As organizations choose to implement J-STD-001 and IPC-A-610 in their operations, they see the documents give a nod to each other early in their respective content and address those curious about their similarities. The current revision “G” of J-STD-001 states, “When IPC J-STD-001 is cited or required by contract, the requirements of IPC-A-610 do not apply unless separately or specifically required…” while revision “G” for IPC-A-610 states, “When IPC-A-610 is cited or required by contract as a standalone document for inspection and/or acceptance, the requirements of IPC J-STD-001, Requirements for Soldered Electrical and Electronic Assemblies do not apply unless separately and specifically required….”

It is important to note here that J-STD-001 has a Revision G Amendment 1, released in October 2018. Its content, however, does not affect the synergy with IPC-A-610G. For this reason, there is no corresponding amendment to IPC-A-610G. The task groups work in synergy to develop the criteria shared by the two documents, while maintaining their focus on the areas that make them unique. In the same way, organizations planning to use both J-STD-001 and IPC-A-610 need to look at how the standards are referenced in different disciplines within their organizational processes and who is responsible for key requirements. They also need to understand how those decisions ultimately influence the entire process. It is easy to say “assemblers assemble and inspectors inspect,” but an argument can be made that assemblers are responsible for making acceptable hardware, and inspectors are responsible for accepting the product to the requirements set forth in the documentation.

From the contractual requirements where the order of precedence of J-STD-001 and IPC-A-610 should be defined, to the notes placed on drawings by designers, process control, documentation and training, there are decisions to be made and processes defined for successful implementation of using J-STD-001 and IPC-A-610. Requirements may also need to be flowed down to suppliers, and these need to be reviewed and considered from the outset of implementation. Even if there are no such requirements initially, they may be needed in the future. The organization may choose to address this at implementation, so they are prepared.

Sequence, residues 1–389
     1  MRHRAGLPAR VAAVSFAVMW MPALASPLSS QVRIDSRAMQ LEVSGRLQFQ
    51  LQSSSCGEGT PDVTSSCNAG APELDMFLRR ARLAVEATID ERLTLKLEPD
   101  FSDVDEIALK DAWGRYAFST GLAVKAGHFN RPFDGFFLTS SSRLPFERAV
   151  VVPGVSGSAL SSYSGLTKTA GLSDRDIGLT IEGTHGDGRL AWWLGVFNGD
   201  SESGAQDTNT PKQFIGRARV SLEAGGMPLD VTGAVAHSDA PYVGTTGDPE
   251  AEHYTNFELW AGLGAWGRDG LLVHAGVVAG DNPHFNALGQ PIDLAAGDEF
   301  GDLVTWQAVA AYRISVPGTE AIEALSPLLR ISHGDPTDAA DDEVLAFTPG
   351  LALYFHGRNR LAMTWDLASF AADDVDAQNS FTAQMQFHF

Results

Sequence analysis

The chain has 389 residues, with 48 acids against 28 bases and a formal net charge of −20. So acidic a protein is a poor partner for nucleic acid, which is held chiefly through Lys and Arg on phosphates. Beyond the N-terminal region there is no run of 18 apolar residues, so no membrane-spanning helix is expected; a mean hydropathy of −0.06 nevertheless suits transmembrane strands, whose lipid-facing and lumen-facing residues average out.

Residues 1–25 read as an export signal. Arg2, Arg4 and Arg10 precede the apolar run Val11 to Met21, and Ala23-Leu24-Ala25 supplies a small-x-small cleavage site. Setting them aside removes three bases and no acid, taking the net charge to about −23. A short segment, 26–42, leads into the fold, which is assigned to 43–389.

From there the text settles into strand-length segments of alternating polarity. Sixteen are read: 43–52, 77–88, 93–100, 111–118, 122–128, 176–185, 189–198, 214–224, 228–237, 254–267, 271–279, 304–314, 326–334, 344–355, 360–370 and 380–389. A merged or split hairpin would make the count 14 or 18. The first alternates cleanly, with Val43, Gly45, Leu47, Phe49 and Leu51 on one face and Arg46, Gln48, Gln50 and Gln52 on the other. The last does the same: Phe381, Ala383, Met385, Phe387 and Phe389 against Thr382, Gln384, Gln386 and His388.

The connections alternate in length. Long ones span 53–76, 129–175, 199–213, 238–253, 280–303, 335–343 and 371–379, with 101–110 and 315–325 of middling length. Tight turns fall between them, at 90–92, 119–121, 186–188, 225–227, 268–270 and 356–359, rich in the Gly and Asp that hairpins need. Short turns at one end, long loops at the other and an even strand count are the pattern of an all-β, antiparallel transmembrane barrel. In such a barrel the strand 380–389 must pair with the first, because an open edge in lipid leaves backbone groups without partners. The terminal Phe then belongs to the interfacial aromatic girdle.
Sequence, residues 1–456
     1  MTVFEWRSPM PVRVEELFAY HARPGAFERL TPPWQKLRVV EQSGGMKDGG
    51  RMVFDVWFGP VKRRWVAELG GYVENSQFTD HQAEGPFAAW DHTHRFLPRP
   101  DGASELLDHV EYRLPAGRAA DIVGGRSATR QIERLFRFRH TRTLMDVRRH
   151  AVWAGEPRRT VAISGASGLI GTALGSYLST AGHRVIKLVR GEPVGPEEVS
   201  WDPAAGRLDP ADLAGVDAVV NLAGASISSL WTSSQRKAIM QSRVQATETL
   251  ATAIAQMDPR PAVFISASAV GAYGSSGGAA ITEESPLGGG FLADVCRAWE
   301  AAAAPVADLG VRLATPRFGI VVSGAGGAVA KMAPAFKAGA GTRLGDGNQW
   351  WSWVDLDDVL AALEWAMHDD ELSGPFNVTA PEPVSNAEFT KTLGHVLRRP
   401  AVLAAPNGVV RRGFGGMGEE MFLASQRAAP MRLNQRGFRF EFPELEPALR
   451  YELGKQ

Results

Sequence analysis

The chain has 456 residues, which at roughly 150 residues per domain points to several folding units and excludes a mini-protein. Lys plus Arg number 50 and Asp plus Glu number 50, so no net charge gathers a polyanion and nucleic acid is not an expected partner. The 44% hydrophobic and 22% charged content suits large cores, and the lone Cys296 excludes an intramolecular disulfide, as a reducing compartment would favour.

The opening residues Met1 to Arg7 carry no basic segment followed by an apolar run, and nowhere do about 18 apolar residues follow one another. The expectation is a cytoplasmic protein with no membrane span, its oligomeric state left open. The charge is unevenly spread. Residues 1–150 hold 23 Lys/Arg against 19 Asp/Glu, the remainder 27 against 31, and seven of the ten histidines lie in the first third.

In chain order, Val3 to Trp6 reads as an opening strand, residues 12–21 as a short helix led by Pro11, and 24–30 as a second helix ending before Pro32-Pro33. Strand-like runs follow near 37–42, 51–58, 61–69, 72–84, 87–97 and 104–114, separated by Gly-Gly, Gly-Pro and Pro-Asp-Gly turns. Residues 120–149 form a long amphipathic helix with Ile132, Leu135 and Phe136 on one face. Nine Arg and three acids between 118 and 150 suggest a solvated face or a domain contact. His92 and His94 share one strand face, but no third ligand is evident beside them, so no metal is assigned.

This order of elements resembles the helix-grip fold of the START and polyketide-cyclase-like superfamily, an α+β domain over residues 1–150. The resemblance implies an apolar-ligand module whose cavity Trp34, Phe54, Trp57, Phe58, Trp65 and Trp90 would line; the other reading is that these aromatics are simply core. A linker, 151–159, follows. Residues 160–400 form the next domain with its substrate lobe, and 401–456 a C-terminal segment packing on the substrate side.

Ultimately, how to apply the two documents in a single environment is a decision for an organization that depends on the practices, policies and processes utilized internally, while understanding the synergy and uniqueness of J-STD-001 and IPC-A-610. There is not a single cookie-cutter solution that works for everyone, but common threads apply no matter the organization or product being produced. Using the two documents together can be rewarding, but to do so successfully requires knowledge and vigilance.

As an aside, IPC will host a pair of technical education courses, Process and Acceptability Requirements: Utilizing J-STD-001 and IPC-A-610 Together, on Sept. 10 in Huntsville, AL, and on Dec. 3 in Anaheim, CA. Course instructor Teresa Rowe will cover how these documents complement each other and where they differ, how to provide clear instructions on drawings and documentation, what takes precedence when a conflict occurs in the requirements, and how to navigate the complex world of ensuring staff training and proficiency requirements can be met. Rowe will also cover what is needed to properly flow down requirements to suppliers and the pitfalls of taking shortcuts. For more information, visit ipc.org/TechEd-001-610.

Teresa Rowe is senior director, assembly and standards technology, IPC (ipc.org); teresarowe@ipc.org.